Water and wastewater management. Britons are willing to pay more for nature-based solutions

rozwiązania oparte na naturze

A recent poll of British consumers shows that an increasingly aware public is willing to bear the cost of sustainable water management. Respondents said they would be able to pay 40 pounds a year more to have water investments built using natural resources. Nature-based solutions are expected to improve water quality and reduce the risks associated with flooding.

Understand consumer priorities

The British consumer organization Customer Council for Water (CCW), which deals with water supply and management issues, commissioned 2023. Yonder Consulting to conduct an online survey examining the public’s preferences for water investments. More than 2,300 people participated in the survey conducted in late September and early October. residents of England and Wales. Respondents were presented with different types of investment scenarios and their associated financial burdens. Nature-based solutions were contrasted with so-called “nature-based” solutions. hard engineering, that is, projects based on concrete and other man-made raw materials.

The purpose of the survey was to find out what consumers’ priorities are and to what extent they would be willing to participate financially in improving water infrastructure. It was no surprise to discover that the most important aspect for citizens in evaluating an investment is its overall cost, which translates into an increase in water bills. Analysts explain this choice by the general rise in prices and concern over household welfare.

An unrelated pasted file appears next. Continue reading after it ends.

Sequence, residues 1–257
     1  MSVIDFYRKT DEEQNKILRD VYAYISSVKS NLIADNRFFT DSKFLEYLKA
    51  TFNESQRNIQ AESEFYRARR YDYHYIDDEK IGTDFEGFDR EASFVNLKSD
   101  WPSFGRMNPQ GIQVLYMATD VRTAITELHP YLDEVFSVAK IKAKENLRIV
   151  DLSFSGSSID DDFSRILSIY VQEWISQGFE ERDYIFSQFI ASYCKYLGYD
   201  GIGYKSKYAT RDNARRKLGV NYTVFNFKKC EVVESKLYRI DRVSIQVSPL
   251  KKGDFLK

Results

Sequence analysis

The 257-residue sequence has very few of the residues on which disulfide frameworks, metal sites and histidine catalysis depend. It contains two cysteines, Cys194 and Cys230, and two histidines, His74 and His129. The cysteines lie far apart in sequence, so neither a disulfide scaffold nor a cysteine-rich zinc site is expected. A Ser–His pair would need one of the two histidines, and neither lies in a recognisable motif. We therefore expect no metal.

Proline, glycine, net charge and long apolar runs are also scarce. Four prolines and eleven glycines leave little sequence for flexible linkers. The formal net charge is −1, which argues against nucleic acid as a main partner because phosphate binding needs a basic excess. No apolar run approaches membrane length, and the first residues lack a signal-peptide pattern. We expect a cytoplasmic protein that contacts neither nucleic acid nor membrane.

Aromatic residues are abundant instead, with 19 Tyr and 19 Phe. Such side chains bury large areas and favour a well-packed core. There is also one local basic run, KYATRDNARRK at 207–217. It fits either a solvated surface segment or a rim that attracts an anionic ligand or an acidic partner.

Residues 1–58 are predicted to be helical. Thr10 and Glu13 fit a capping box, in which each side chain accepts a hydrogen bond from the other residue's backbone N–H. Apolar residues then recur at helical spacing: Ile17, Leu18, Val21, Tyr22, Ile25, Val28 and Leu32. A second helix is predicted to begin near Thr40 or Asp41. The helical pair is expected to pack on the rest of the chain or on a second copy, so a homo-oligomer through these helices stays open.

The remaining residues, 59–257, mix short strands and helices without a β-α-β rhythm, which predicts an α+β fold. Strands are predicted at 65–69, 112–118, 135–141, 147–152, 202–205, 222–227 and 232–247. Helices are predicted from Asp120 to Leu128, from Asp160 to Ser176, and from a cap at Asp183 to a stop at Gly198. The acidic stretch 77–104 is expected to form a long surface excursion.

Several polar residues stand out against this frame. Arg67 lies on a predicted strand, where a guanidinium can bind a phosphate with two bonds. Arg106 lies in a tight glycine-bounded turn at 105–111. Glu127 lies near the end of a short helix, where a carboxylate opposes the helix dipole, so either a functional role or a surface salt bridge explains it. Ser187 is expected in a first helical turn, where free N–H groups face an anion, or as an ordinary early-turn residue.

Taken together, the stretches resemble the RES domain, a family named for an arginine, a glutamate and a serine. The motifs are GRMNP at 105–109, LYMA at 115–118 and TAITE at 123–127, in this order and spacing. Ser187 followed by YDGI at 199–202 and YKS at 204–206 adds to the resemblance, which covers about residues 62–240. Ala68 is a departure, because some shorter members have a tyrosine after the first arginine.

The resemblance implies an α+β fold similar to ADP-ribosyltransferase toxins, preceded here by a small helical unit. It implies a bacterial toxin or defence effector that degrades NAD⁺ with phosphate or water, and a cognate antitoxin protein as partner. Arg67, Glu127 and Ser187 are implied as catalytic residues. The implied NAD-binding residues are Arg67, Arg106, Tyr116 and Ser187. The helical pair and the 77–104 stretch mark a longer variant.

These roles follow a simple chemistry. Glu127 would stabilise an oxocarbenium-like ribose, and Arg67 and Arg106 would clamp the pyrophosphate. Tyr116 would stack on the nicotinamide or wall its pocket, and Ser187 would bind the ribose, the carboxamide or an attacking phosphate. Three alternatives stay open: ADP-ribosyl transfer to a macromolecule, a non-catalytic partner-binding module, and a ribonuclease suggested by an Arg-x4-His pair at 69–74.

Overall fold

Respondents, despite this parsimonious approach, however, after carefully analyzing the advantages and disadvantages of the various solutions proposed to them, declared a willingness to compromise. As a result, nature-based solutions have unquestionably triumphed over engineered alternatives. As many as 59 percent. survey participants favored pro-environmental investments, even if their impact on bill growth would be four times higher than in the other case. However, it is not an unconditional approval for all planned projects.

Nature-based solutions for water management

For the CCW study, three scenarios were prepared for possible investments in the sphere of water management, specifically regarding sewerage systems, flood control and wastewater treatment. The model based on man-made materials was identified as the fastest to finalize (up to 1 year), but at the same time having the lowest life expectancy (5-10 years). Its implementation would entail a £20 per year increase in water bills, serious interference with aquatic ecosystems, the local landscape and significant carbon emissions. However, it would be a targeted project, focused on a specific need and guaranteeing predictable costs and results.

At the other extreme, a Nature-Based Solution (NBS, or Nature-Based Solution) was proposed, which would require a much longer implementation time (2-5 years) and an increase in water bills of £40 per year. The sustainability of the results is projected for 10-20 years in this scenario, and the impact on the landscape would be minimal. Moreover, the implementation of such projects using natural raw materials would have an impact on reducingCO2 emissionsand bring widespread environmental benefits. Due to its novel nature, both costs and results would be more difficult to predict.